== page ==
Japan Geoscience Union Meeting 2019

Presentation information

[J] Oral

S (Solid Earth Sciences ) » S-CG Complex & General

[S-CG57] Structure and evolution of Japanese islands - Formation of island arc systems and earthquake cycles

Wed. May 29, 2019 10:45 AM - 12:15 PM A09 (TOKYO BAY MAKUHARI HALL)

convener:Hiroshi Sato(Earthquake Prediction Research Center, Earthquake Research Institute, The University of Tokyo), Masanao Shinohara(Earthquake Research Institute, University of Tokyo), Masahiro Ishikawa(Graduate School of Environment and Information Sciences Yokohama National University), Makoto MATSUBARA(National Research Institute for Earth Science and Disaster Resilience), Chairperson:Hiroshi Sato(Earthquake Research Institute, Tokyo University), Masahiro Ishikawa(Yokohama National University)

11:45 AM - 12:00 PM

[SCG57-11] Shallow to deeper structures of the Median Tectonic Line active fault system in Shikoku illuminated by new hi-resolution seismic reflection profiling, southwest Japan

*Tatsuya Ishiyama1, Naoko Kato1, Shin Koshiya2, Hiroshi Sato1, Makoto MATSUBARA3, Tomoko Elizabeth Yano3, Taro Koike4, Katsuya Noda4 (1.Earthquake Research Institute, University of Tokyo, 2.Department of Civil and Environmental Engineering, Faculty of Science and Engineering, Iwate University, 3.National Research Institute for Earth Science and Disaster Resilience, 4.Geosys, Inc. )

Keywords:Active fault , Median Tectonic Line active fault system, Seismic reflection profile, Seismicity, Shikoku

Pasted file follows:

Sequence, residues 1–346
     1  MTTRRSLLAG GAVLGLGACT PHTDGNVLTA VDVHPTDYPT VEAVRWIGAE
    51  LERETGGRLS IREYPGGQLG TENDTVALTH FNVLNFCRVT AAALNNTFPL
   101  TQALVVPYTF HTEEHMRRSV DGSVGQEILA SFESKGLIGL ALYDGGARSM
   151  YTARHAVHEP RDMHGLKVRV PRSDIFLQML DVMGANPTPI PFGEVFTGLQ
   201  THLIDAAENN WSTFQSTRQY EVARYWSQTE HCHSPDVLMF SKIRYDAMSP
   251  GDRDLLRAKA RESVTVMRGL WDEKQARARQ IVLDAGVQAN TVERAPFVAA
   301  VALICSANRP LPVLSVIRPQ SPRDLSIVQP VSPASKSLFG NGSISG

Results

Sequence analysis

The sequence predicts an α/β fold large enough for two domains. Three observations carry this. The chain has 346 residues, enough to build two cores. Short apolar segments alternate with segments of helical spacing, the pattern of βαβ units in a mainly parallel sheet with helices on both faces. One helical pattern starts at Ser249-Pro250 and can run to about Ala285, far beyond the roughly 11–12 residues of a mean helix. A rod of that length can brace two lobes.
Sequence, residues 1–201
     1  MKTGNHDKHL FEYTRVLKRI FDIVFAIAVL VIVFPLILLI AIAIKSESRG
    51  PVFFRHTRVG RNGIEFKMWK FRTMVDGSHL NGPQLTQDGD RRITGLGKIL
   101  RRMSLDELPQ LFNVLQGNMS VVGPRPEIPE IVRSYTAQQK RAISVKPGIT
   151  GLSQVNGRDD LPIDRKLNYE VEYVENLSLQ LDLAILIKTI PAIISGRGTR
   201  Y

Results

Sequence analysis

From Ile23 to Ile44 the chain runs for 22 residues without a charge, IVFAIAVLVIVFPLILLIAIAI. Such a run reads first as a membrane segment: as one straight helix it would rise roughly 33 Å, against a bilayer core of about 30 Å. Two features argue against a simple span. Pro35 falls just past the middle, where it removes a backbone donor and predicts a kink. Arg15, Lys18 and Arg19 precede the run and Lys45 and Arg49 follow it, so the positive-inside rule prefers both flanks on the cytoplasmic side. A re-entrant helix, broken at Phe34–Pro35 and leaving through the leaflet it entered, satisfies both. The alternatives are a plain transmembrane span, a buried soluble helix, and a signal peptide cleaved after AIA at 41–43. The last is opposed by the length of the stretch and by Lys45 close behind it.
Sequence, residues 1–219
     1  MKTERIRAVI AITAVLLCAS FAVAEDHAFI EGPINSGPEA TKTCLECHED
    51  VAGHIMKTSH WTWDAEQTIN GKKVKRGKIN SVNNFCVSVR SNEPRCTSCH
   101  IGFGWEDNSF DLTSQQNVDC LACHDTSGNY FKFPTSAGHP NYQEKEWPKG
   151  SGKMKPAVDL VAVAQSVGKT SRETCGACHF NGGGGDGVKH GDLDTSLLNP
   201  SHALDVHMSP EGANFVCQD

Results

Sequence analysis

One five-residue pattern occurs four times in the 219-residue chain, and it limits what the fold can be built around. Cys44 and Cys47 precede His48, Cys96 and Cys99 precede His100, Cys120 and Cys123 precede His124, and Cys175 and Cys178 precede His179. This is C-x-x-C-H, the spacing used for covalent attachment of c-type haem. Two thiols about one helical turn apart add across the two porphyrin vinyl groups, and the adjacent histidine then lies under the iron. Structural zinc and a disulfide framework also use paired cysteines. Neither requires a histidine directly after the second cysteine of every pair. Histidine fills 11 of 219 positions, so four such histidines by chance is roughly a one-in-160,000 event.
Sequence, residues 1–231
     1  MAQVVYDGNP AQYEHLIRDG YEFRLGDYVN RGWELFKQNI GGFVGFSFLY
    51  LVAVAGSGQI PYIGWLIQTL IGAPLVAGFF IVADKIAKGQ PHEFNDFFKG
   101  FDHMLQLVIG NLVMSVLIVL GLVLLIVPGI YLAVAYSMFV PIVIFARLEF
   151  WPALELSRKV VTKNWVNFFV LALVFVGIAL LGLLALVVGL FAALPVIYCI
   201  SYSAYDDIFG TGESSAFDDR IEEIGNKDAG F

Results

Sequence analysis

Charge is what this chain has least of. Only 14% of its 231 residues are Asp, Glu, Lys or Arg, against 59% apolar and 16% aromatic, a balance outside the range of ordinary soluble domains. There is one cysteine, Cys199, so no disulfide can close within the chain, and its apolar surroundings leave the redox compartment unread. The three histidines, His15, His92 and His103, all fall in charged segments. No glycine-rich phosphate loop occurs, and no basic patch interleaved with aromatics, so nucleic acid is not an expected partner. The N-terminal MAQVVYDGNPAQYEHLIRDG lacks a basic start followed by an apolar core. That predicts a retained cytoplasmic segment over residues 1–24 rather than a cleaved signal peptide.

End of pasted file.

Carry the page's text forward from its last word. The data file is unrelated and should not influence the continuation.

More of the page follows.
Median Tectonic Line (MTL) active fault system is one of the most pronounced, trench-parallel active dextral slip faults in SWJapan, extending for approx. 300 km (Okada, 1992). With ubiquitous proximity to the north dipping terrane boundary MTL between Samgawa metamorphic rocks (Sm) and Ryoke granitic rocks to the north, their structural links with active strands of the MTL have been widely discussed. Seismic experiments in Kinki (Wakayama) clearly illuminate that near-surface steeply dipping fault plane appears merge into underlying more shallowly dipping reflectors correlated with top Sm (Sato et al., 2015). In Shikoku, however, previous seismic sections have not fully resolved such structural linkages of the major fault strands of the MTL, whereas pioneering deep seismic experiments successfully imaged northerly dipping MTL (Ito et al., 1995). To define structural characters of the shallow to deeper subsurface geometry, we collected new seismic reflection profiles across MTL active fault system in Shikoku island. Our new, processed seismic profile across the Okamura Fault, Komatsu Fault (Goto and Nakata, 1998), and the MTL and its preliminary interpretation suggest northerly dipping Sambagawa metamorphic rocks beneath the northern flank of the Ishizuchi Mountains and Niihama plain to the north. As is the case with previous seismic results, downward extensions of the MTL apparently dips northward, in contrast to near-surface steep fault planes identified in outcrop and trench exposures. In addition, northerly dipping clouds of microseismicity also suggest its deeper extension. Similarly, in our new seismic profile in Wakimachi, Tokushima, Chichio fault (Okada and Tsutsumi, 1997), active dextral slip fault that dips vertically at ground surface, is apparently underlain by very strong and continuous north dipping reflectors from the top of Sm. This observation also suggests that the Chichio fault may merge into, rather than cut across these Sm reflectors. We will mainly discuss on (1) detailed structural characters identified in the new seismic data, (2) their structural linkages with near-surface structures of the active strands, and (3) implications for overall shallow to deeper geometry of the MTL based on both new and previous seismic data, regional seismicity based on JUICE catalogue (Yano et al., 2017), and crustal structures estimated from seismic tomography (Matsubara et al., 2017).